Starbucks Corp’s shares fell more than 7 percent on Friday as its membership growth slowed in the United States, triggering concerns over the U.S. coffee chain’s ability to meet long-term growth targets. The company on Thursday reported profit that met Wall Street expectations in the first quarter under new CEO Kevin Johnson, but lowered its current-quarter earnings forecast. Starbucks also said it would shutter all its Teavana stores.
Starbucks’ US business — already suffering from heightened competition from meal kit sellers and convenience stores — has seen membership growth slow down due to changes made in its loyalty rewards program last year, analysts said.
“With (loyalty) growth continuing to slow, we fear US same store sales are unlikely to maintain the mid-single digit range that the market has come to expect,” Credit Suisse analysts said in a report. Starbucks changed its rewards program last year to award points for every dollar spent at its cafes, a departure from its earlier practice of giving points for every purchase, which put customers buying cheaper items at a disadvantage.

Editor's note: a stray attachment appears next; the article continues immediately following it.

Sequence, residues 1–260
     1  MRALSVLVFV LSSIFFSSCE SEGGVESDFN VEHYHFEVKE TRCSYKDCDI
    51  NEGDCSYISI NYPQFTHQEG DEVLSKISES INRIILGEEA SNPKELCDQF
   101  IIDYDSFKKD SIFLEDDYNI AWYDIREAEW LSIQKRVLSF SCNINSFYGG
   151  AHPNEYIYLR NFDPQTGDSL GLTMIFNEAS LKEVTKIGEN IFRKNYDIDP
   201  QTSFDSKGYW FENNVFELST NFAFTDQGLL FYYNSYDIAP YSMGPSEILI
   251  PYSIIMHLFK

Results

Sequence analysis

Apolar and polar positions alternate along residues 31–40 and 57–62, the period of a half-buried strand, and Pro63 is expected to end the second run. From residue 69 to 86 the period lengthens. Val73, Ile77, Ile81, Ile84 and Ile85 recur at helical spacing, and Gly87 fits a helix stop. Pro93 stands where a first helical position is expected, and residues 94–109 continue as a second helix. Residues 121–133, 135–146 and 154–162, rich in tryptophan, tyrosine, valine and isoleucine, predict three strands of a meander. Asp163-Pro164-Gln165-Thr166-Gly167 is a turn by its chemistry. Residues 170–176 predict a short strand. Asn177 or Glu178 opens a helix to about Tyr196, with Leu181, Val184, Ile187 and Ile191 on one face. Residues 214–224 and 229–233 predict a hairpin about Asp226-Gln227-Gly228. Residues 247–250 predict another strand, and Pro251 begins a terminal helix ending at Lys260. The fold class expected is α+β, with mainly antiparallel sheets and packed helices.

“(Starbucks’) long-term forecast for mid-single digit global comparable sales growth, double digit revenue growth and 15-20 percent earnings growth may no longer be a realistic target,” analysts at Wedbush Securities said. Seven analysts lowered their 12-month targets on Starbucks’ share price to as low as $56. The median price target is $66.
Still, Wall Street highly recommends the stock with 26 of the 33 analysts covering it having a buy or higher rating. Starbucks’ shares were down 7.6 percent at $54.95 in early trading and the company was on course to shed about $7 billion in market value.